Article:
With the first bite of the spading fork, I was surprised anew by the rich, dark soil.
A dozen years ago, it was little more than sand. With the added challenges of Colorado's dry climate and short growing season, I wondered if gardening would be a waste of time.
For some crops, it was. I discovered that with the cool nights at our 6,800-foot elevation, I could forget about getting ripe tomatoes. But potatoes and carrots? Wow!
Still, not at first. Success came only after I'd spent a few seasons improving the soil. Each fall I'd use a mulching mower to shred our crop of aspen leaves, spread them over the garden, and dig them in.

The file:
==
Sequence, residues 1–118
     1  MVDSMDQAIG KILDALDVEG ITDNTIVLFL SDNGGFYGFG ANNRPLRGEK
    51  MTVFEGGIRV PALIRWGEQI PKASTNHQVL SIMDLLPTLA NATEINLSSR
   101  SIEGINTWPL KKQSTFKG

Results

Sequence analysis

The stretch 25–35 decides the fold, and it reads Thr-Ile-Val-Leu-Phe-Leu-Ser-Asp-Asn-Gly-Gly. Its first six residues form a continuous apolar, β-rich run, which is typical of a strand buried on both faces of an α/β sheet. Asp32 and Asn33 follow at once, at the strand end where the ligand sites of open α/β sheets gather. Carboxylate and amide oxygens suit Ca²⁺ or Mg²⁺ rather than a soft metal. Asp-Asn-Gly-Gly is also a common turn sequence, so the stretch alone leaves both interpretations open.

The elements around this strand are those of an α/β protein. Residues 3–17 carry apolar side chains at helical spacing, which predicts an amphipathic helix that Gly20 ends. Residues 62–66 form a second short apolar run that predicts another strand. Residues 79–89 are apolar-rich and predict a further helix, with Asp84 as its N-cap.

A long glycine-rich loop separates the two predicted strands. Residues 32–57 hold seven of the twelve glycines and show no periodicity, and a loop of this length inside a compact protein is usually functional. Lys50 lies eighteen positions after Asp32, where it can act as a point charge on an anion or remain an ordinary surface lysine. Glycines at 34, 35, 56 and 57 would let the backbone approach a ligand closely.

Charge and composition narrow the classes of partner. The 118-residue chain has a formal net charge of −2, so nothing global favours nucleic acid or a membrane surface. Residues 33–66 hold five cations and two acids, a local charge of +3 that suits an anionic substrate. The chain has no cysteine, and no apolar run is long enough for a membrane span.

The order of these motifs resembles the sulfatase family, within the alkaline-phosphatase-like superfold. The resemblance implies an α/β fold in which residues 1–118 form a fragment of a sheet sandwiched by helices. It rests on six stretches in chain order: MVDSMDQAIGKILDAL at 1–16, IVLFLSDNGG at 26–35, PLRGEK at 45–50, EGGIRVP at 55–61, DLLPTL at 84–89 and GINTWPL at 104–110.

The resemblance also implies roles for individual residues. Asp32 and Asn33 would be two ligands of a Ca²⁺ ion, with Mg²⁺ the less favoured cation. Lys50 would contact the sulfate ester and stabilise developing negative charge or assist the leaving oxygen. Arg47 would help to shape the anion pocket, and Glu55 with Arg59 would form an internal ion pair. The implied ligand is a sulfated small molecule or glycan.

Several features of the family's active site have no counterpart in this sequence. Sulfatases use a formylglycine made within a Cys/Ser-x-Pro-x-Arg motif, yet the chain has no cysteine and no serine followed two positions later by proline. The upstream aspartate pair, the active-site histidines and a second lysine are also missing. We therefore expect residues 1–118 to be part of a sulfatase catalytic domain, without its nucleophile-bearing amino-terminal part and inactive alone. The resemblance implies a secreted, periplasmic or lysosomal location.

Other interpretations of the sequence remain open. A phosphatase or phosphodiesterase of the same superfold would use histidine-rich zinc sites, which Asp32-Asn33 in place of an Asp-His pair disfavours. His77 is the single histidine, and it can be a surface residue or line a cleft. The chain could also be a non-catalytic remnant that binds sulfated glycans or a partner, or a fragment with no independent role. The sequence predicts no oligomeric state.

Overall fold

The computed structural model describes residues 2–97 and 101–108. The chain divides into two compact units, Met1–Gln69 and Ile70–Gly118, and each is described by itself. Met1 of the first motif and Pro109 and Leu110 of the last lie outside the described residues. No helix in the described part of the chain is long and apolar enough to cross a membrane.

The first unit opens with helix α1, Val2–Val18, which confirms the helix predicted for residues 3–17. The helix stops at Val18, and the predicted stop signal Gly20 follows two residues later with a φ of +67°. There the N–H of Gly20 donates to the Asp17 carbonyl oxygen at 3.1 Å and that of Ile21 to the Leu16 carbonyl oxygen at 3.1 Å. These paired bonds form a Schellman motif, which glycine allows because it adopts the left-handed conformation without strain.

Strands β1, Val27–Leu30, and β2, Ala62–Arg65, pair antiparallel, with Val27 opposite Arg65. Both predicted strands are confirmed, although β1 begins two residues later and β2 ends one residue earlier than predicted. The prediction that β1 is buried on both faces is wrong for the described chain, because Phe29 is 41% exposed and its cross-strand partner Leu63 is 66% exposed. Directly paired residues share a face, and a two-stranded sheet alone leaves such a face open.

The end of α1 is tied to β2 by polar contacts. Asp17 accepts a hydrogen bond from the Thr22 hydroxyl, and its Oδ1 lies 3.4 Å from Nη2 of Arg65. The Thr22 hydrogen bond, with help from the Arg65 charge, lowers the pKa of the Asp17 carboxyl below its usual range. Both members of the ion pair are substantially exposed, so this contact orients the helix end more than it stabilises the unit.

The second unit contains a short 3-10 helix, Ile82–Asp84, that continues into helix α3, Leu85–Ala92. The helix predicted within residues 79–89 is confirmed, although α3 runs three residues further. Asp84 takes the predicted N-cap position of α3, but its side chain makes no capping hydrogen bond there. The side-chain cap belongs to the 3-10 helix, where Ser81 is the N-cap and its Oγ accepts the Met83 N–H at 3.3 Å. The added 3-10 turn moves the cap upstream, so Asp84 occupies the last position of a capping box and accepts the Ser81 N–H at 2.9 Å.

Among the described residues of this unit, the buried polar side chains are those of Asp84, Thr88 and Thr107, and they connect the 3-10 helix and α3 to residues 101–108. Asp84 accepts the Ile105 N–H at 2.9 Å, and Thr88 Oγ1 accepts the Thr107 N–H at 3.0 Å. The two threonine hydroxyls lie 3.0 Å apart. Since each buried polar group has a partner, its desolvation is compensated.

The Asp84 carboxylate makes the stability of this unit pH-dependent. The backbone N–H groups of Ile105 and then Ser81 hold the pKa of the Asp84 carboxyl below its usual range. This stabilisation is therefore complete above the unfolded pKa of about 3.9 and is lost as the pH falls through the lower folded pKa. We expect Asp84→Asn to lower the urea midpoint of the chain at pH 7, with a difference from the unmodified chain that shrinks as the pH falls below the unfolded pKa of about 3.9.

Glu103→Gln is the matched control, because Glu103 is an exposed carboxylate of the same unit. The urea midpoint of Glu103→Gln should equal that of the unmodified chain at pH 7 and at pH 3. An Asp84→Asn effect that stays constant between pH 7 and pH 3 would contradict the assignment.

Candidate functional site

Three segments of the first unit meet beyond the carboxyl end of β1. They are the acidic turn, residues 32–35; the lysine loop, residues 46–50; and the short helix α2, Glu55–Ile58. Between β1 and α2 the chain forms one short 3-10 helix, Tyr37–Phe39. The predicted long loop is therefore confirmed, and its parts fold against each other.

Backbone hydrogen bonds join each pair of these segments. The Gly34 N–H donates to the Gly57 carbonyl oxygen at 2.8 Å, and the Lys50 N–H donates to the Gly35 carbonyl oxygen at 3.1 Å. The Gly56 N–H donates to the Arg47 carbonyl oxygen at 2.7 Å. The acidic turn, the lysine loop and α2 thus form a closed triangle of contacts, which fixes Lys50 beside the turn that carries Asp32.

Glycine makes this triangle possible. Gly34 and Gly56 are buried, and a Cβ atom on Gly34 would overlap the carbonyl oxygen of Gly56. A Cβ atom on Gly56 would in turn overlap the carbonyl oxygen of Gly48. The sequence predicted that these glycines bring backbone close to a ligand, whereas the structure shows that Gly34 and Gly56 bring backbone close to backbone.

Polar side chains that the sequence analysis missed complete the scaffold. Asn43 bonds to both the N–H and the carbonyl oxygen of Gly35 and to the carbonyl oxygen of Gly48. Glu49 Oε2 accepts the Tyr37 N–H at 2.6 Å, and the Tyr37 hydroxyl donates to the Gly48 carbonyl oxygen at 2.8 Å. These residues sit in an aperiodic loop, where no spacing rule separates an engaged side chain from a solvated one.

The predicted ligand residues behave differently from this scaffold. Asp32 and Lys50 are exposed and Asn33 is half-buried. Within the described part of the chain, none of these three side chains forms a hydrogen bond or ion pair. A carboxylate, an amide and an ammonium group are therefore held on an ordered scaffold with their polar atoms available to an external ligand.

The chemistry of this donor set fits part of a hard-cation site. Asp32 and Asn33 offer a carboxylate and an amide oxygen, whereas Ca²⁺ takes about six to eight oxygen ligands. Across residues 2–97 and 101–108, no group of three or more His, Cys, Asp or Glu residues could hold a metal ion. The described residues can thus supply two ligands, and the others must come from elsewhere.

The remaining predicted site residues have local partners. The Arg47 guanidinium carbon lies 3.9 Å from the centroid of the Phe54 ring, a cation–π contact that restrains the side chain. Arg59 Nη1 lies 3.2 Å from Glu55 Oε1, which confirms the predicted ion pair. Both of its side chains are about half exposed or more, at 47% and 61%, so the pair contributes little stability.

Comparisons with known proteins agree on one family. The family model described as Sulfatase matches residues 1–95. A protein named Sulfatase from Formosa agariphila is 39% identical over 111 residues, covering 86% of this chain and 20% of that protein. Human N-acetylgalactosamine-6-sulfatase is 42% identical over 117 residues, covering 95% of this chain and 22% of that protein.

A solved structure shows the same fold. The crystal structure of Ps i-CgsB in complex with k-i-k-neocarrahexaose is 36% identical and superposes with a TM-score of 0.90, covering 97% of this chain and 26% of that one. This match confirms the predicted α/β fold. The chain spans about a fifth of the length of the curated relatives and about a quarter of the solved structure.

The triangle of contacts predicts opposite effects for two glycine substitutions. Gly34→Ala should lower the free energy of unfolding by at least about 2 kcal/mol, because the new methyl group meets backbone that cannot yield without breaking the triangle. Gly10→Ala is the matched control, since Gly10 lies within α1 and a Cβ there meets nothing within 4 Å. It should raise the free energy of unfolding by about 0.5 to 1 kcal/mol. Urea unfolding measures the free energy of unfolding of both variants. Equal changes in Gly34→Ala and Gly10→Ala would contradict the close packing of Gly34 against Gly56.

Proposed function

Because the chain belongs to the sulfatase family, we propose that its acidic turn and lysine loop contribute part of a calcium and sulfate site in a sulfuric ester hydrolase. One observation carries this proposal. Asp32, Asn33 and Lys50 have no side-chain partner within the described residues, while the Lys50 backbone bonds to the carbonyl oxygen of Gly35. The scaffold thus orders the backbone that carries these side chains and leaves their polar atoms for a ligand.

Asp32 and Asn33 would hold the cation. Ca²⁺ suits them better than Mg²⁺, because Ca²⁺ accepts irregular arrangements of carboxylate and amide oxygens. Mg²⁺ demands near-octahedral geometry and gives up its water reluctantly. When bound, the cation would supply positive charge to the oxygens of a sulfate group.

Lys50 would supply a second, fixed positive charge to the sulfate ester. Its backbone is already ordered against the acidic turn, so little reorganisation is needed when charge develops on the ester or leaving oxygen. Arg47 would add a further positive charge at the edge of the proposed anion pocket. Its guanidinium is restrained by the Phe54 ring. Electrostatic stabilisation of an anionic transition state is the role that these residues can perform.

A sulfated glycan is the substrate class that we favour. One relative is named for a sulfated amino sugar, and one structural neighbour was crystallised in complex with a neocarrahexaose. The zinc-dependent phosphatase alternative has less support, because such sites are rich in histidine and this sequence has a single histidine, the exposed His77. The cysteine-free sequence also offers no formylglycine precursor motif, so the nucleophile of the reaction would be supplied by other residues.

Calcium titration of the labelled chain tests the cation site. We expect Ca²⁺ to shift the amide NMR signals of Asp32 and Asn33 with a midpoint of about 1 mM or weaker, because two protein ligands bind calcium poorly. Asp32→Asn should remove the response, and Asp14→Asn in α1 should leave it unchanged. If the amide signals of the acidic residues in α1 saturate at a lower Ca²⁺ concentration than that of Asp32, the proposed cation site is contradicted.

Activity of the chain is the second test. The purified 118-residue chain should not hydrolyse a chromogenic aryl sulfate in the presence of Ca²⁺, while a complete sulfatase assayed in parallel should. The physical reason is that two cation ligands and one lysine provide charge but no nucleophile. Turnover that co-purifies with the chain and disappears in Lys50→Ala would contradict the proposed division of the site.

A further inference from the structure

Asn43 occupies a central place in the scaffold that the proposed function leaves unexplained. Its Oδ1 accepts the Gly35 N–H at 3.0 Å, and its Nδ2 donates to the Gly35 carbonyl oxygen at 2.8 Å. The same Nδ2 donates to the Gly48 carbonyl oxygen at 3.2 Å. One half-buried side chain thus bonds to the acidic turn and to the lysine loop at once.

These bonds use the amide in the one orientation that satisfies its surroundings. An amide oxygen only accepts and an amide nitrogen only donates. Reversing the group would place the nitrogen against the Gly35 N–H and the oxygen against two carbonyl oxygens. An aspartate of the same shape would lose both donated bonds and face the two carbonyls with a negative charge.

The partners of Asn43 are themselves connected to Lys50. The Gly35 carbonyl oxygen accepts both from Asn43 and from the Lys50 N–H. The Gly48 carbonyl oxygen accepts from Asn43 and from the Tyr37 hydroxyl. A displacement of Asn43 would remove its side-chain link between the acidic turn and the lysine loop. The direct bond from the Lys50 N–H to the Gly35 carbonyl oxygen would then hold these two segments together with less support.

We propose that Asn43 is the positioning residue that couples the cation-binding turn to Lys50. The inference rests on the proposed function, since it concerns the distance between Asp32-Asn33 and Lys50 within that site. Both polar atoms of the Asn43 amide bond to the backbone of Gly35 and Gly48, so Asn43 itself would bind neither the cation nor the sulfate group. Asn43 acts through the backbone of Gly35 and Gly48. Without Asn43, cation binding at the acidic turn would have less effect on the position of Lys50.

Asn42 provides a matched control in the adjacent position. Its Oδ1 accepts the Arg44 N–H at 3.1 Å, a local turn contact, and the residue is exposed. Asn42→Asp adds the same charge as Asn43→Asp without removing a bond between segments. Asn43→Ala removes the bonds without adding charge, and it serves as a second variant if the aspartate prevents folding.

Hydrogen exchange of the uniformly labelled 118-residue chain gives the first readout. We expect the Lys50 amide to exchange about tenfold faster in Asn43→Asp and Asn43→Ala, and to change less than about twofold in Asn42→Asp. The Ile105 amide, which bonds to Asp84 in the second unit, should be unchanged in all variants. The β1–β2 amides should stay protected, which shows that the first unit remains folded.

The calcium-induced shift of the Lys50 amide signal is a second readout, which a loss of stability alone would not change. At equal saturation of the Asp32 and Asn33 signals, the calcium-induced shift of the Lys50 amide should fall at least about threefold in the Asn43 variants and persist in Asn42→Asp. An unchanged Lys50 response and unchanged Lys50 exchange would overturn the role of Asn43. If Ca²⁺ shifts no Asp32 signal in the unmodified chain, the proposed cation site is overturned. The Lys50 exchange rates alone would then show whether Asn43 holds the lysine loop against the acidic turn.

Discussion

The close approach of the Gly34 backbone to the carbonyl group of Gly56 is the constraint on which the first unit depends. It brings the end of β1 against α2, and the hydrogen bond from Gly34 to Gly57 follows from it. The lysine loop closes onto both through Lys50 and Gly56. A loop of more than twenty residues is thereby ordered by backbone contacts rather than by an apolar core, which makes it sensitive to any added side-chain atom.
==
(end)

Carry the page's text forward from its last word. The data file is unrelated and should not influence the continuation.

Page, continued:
Year by year, the ground became more fertile. And the crops grew more fruitful.
But it's never easy. Before I plant, I'll need to turn over the ground a few more times, clear some sticks, roots, and old stalks, and smooth the surface. I'll need to decide what seeds to buy and actually plant them. Then comes a season of waiting, watering, and weeding.
Only then, if all the conditions prove right, comes a harvest.
Gardening reminds me of writing. Especially improving the soil. If you long for a harvest of publication, I hope you're enriching your garden plot by investing in classes, critiques, coaching, and conferences.
Compost whatever you can, like rejections or projects that cease to bloom. Take those experiences and work them into the ground of resources, skills, and experiences from which you write.
Then if you plant something, it just might grow.